“I contacted the first one, and explained to him that I was searching for my father,” Morgan recalled. “I sent him pictures that I found in my mother’s things.  Right away, he recognized one of the men in the photo, saying it was his uncle, Tama Leao.”

Morgan said she wanted to know the best way to approach the situation, as she didn’t just want to show up at this man’s doorstep unannounced. Her first cousin was kind enough to call his uncle directly, to break the news to him, that he has a daughter!

Morgan was later able to call her biological father and the two spoke. A month later, she traveled to Fort Lauderdale, Florida to meet him in person.

“Once I arrived, I was able to meet my two brothers: Chad Watanabe who is married with 7 children; and Tama Leao Jr. who is married with 2 kids,” Morgan said. “Together, I have 7 nephews and nieces,” she said excitedly. 

“I was thrilled. And every day I have been learning more and more about the culture. A part of me is trying to make up for lost time,” she continued. 

In the same month, Morgan said she received an email inquiring about wound care education for nurses and doctors at the LBJ Medical Center.

“I felt that the email came at the right time, and it was powered by divine intervention,” Morgan shared. “I had just found out I am Samoan, and I get an email from American Samoa!” 

She continued, “I told myself I had to do this. I wanted to learn the culture and help the people here, as they are my family now.” 

Morgan is scheduled to depart the territory tonight. In addition to wound care training, she has been at LBJ working with the staff. She is here with her biological father, “and he is acquainting me with the island, the culture, and family,” Morgan said, adding that she plans to come back on a more regular basis, “to continue to help the people of American Samoa.”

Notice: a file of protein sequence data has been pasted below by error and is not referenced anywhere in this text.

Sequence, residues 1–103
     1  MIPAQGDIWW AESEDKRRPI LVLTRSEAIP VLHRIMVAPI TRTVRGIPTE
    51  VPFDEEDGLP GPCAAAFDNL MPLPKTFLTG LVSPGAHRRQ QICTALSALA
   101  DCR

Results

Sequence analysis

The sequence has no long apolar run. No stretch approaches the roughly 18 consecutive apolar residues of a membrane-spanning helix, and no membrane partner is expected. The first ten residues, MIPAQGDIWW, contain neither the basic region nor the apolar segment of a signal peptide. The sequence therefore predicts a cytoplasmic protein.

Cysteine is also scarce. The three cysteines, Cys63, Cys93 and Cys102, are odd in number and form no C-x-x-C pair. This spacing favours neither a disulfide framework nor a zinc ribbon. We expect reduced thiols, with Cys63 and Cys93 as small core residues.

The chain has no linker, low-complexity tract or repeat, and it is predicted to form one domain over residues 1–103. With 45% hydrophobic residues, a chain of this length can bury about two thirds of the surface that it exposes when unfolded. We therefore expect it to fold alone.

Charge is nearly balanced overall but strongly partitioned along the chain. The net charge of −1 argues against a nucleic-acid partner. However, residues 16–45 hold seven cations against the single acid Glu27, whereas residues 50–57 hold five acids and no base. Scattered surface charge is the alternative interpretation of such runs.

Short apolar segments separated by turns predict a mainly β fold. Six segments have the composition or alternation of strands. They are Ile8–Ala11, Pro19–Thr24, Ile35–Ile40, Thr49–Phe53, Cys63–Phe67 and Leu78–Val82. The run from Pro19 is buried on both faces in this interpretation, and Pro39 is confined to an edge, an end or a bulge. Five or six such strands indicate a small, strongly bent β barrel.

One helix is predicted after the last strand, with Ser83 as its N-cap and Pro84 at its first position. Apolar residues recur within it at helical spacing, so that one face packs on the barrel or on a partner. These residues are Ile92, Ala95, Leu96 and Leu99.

“Everybody I have met on the island has provided me with an over abundance of love, acceptance. and kindness. This has been such a blessing to me, it has changed my life. I was raised as an only child and now I have this wonderful Samoan family and nation I am proud to be part of!”

She concluded, “I am so thrilled I found out who I am, as I’ve always had this missing piece in my life, and now it’s complete.”

Co-founder of the Wound Care Education Institute (WCEI) Nancy Morgan, RN, with LBJ’s Dr. Kamlesh Kumar. In the background is LBJTMC deputy director of Human Resources, Malopao Dr. Akenese Nikolao. The trio played a huge part in making last week’s wound care training in American Samoa a reality.  [photo: courtesy]


The WCEI provides onsite and online courses in skin, wound, diabetic wound, and ostomy management. According to their brochure, WCEI courses are based on current standards of care and evidence-based research, and they are designed for people who are passionate about wound care, want to be legally defensible at bedside, and are preparing for their National Alliance of Wound Care and Ostomy (NAWCO) Board exams.

NAWCO makes up the largest and fastest growing group of certified wound care and ostomy professionals in the United States.